GNI Comment on BIS Proposal Regarding Infrastructure as a Service

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April 30, 2024  |  News, Policy

The Global Network Initiative (GNI) has submitted a comment on the proposed rulemaking on “Taking Additional Steps to Address the National Emergency With Respect to Significant Malicious Cyber-Enabled Activities” (“Proposed Rule”) to the Bureau of Industry and Security at the U.S. Department of Commerce. Under the Executive Orders of 19 January 2021 and 30 October 2023, the Secretary of Commerce has proposed regulations requiring U.S. Infrastructure as a Service (IaaS) providers collect and disclose information about their users that will allow the government to more effectively prevent abuse or malicious cyber-enabled activity. GNI is concerned about the approach that collection and compelled disclosure of personal information is a necessary precondition for cybersecurity and believes the Proposed Rule sends the wrong message about the best way to secure a free and open Internet.

By requiring U.S. IaaS providers to gather and retain data about their customers as a condition for providing service, the Proposed Rule would result in large collections of personal data that are inconsistent with privacy rights. IaaS providers forced to keep troves of customer data are likely to be subject to government orders to turn over this data, and to cybersecurity attacks seeking to obtain and compromise this data. Failures to comply with specific provisions in the proposed rule may risk liability for individual employees at the level of senior management who are designated as responsible (Proposed Rule § 7.306).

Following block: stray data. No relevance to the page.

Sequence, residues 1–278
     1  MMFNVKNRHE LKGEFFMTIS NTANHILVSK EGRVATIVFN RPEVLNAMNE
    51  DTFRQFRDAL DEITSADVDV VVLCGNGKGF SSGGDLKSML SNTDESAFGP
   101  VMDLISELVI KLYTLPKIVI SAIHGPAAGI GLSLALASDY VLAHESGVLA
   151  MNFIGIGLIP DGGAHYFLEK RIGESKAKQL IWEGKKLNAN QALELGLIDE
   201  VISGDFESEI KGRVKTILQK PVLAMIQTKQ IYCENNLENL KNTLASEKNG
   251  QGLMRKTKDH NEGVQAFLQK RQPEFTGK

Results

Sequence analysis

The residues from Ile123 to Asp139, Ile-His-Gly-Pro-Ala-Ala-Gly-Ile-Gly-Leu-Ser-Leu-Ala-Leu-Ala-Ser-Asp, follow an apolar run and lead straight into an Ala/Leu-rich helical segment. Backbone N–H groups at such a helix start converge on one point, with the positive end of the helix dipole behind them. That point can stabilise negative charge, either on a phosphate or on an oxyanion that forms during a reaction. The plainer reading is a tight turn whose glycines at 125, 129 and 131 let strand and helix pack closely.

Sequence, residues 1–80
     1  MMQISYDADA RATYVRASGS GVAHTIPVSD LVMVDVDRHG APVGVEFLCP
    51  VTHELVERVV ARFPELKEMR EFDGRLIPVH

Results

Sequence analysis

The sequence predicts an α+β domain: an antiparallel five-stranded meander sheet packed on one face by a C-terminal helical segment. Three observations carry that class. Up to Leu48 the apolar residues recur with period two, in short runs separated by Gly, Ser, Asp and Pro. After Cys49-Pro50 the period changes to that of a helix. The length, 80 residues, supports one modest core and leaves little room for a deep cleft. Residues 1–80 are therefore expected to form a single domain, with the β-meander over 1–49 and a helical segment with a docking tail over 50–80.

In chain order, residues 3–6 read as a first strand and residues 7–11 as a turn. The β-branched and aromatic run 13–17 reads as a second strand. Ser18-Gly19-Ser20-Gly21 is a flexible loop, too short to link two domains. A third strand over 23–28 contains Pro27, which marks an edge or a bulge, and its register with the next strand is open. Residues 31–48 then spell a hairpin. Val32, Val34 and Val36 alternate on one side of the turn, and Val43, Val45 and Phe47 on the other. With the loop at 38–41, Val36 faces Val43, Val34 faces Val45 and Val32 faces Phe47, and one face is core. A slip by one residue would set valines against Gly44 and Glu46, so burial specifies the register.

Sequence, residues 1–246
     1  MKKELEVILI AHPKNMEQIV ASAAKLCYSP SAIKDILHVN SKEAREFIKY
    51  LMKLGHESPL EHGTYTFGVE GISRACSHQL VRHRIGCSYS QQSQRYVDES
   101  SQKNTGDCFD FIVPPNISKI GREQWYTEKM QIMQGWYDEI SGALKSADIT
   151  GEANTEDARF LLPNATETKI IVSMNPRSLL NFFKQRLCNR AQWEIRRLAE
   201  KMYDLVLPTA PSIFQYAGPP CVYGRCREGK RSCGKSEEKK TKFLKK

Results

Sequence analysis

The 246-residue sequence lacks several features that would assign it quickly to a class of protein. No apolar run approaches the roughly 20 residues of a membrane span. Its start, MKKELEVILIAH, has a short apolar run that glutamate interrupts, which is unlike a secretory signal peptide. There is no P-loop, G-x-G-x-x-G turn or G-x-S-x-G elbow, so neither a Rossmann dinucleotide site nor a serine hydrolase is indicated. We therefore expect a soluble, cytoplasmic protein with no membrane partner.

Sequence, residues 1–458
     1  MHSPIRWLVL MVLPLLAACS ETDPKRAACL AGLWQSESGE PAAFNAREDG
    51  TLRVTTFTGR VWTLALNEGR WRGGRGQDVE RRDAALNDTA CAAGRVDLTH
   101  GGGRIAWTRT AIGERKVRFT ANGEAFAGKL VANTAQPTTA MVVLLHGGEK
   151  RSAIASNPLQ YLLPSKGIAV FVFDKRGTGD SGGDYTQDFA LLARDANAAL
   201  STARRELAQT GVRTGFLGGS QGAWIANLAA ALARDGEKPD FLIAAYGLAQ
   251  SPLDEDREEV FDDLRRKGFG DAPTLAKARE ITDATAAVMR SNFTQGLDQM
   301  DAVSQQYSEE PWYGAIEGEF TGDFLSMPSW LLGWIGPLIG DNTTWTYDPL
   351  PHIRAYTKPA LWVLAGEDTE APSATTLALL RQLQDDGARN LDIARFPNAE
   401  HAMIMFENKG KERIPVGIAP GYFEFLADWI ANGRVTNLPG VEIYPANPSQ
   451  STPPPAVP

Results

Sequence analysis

Similarly, the requirement on U.S. IaaS services to report to the Commerce Department when a
foreign person transacts with them to train a large AI model directly conflicts with the Stored Communications Act of 1986 which, under U.S. Code § 2702, prohibits remote communications services from disclosing information “pertaining to a subscriber or customer [..] to any governmental entity” in the absence of legal process. The Proposed Rule currently does not offer an explanation of how the compelled disclosure requirement may be harmonized with the existing statutory provision.

As BIS works to reduce the abuse of IaaS services by malicious cyber actors, GNI urges caution in ensuring that the chosen approach does not have the unintended consequence of harming civil society organizations and marginalized individuals around the world.

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